A little more than seven months earlier — Oct. 6, 2017, as Riley vividly remembers it — she woke up complaining of chest pain. “It’s likely just heartburn or a pulled muscle,” her parents told her. “A little bit of muscle pain for a 16-year-old lacrosse player isn’t uncommon.” She had just played in a lacrosse tournament the previous weekend with her high school team and had no problem playing midfield and running up and down the turf. It was a Friday, though, and Riley wanted to be at school with her friends.
“If it gets worse, let us know.”
The next day, Riley’s chest pain had worsened to the point that it was hard for her to breathe. She and her father, Jeff, got in the car and drove to the nearest emergency room. In Riley’s subsequent chest X-ray, an opacity showed up in her anterior mediastinum, right above her heart. Doctors thought it best to give Riley a CAT scan to determine if it was something more serious. The results of the scan showed an 8-by-9 centimeter mass. Riley was immediately moved to St. Louis Children’s Hospital and admitted to the oncology unit. Two days later, doctors needle biopsied her chest to extract tissue from the mass for further testing.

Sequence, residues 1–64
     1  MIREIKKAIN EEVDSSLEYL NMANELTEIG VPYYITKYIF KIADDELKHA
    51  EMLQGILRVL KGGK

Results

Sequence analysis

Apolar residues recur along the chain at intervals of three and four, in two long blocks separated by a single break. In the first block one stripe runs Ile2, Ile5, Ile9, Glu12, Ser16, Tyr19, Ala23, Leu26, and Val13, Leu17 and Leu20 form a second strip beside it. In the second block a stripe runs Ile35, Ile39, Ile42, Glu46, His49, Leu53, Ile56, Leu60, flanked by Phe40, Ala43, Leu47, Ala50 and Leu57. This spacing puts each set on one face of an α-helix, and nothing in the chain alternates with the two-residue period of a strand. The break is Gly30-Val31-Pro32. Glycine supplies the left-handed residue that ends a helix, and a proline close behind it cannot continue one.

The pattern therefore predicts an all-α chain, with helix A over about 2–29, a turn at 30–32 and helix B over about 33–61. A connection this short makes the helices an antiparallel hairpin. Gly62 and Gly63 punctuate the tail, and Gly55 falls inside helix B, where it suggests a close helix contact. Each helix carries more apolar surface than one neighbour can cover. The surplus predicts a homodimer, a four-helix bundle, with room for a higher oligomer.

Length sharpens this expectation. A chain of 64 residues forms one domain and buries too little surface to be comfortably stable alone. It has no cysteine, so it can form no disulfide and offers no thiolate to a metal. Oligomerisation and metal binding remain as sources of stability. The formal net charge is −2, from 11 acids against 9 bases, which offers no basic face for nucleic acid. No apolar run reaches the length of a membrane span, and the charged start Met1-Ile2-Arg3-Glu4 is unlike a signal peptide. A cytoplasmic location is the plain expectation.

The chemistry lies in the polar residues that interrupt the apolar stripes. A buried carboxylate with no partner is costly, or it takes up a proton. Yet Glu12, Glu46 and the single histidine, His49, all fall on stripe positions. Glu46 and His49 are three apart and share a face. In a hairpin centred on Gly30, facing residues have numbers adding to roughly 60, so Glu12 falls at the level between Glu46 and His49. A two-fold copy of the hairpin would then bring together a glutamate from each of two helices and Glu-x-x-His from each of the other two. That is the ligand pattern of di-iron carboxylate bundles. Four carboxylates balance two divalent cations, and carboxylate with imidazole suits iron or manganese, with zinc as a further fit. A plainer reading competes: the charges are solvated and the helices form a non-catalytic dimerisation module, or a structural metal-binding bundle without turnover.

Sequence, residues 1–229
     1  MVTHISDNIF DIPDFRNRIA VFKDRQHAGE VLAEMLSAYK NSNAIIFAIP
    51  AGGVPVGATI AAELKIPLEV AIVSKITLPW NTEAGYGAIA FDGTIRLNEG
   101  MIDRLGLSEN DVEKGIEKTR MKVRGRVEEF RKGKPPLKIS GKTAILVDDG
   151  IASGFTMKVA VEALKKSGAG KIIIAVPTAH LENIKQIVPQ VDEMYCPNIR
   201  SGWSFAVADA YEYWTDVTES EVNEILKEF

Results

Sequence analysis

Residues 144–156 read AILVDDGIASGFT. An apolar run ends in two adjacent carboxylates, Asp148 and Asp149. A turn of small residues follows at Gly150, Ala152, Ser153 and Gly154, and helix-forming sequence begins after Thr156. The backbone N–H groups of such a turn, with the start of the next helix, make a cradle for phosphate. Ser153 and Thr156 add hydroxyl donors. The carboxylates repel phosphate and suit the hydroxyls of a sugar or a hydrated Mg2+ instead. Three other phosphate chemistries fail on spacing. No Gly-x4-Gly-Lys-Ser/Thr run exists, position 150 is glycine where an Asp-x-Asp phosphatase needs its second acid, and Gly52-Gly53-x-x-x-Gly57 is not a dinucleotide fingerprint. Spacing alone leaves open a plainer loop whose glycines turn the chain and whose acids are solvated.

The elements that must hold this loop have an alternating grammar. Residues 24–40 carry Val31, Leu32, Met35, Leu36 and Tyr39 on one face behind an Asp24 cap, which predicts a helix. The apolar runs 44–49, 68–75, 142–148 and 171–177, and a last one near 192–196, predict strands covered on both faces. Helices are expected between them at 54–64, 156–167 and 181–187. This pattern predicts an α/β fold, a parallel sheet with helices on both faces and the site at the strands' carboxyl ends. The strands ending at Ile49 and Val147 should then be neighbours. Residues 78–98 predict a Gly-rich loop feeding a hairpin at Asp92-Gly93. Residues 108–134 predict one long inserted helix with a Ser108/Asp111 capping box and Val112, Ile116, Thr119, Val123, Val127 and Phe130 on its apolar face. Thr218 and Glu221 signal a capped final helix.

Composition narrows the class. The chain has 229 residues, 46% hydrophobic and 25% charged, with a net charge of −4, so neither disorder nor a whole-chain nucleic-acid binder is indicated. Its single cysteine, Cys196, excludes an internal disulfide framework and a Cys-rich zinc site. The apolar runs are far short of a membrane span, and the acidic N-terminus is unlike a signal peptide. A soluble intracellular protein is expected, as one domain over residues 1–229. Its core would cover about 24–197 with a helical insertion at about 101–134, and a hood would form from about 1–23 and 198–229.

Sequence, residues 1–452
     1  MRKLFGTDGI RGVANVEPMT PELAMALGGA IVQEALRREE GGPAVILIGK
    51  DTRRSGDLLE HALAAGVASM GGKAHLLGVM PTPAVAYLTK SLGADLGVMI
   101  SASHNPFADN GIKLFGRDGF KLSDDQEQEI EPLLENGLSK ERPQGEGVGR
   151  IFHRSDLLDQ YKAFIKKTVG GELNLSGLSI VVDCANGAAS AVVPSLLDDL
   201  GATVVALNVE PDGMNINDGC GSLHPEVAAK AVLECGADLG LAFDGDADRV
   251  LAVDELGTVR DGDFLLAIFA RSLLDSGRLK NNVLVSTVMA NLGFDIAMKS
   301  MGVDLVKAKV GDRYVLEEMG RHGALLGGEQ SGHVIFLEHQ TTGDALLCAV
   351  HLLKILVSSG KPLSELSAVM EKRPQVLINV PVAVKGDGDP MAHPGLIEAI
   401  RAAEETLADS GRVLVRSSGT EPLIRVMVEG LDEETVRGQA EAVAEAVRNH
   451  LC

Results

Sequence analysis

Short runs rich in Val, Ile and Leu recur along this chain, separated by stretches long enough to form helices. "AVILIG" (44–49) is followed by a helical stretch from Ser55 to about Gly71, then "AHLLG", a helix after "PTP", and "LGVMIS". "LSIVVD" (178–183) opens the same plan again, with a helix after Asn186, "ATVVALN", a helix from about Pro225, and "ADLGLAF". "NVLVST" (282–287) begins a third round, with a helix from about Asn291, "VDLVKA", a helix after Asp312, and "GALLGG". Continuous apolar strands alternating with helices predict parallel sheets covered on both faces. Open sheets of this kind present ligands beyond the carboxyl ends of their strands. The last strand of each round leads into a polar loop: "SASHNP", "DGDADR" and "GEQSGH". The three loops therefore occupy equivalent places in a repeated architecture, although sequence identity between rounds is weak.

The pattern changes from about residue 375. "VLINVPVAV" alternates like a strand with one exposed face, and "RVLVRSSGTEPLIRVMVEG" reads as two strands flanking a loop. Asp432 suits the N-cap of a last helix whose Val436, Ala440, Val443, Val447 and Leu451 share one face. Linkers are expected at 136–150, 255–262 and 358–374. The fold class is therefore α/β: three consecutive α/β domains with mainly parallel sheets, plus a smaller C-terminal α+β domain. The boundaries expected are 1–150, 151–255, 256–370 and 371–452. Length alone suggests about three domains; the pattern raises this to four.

On Wednesday, two days after her biopsy and six days after she initially arrived to the emergency room, Jeff received a call from Dr. Julia Warren, Riley’s pediatric oncologist at the hospital.
Jeff, an ophthalmologist in nearby Belleville, had been seeing patients for most of the day when the St. Louis area code popped up on his cell phone. A sinking feeling came over him.
We have the tissue diagnosis, and it’s non-Hodgkin lymphoma, Warren told him. Every word after that was a blur. Jeff dropped to his knees, and tears streamed down his face.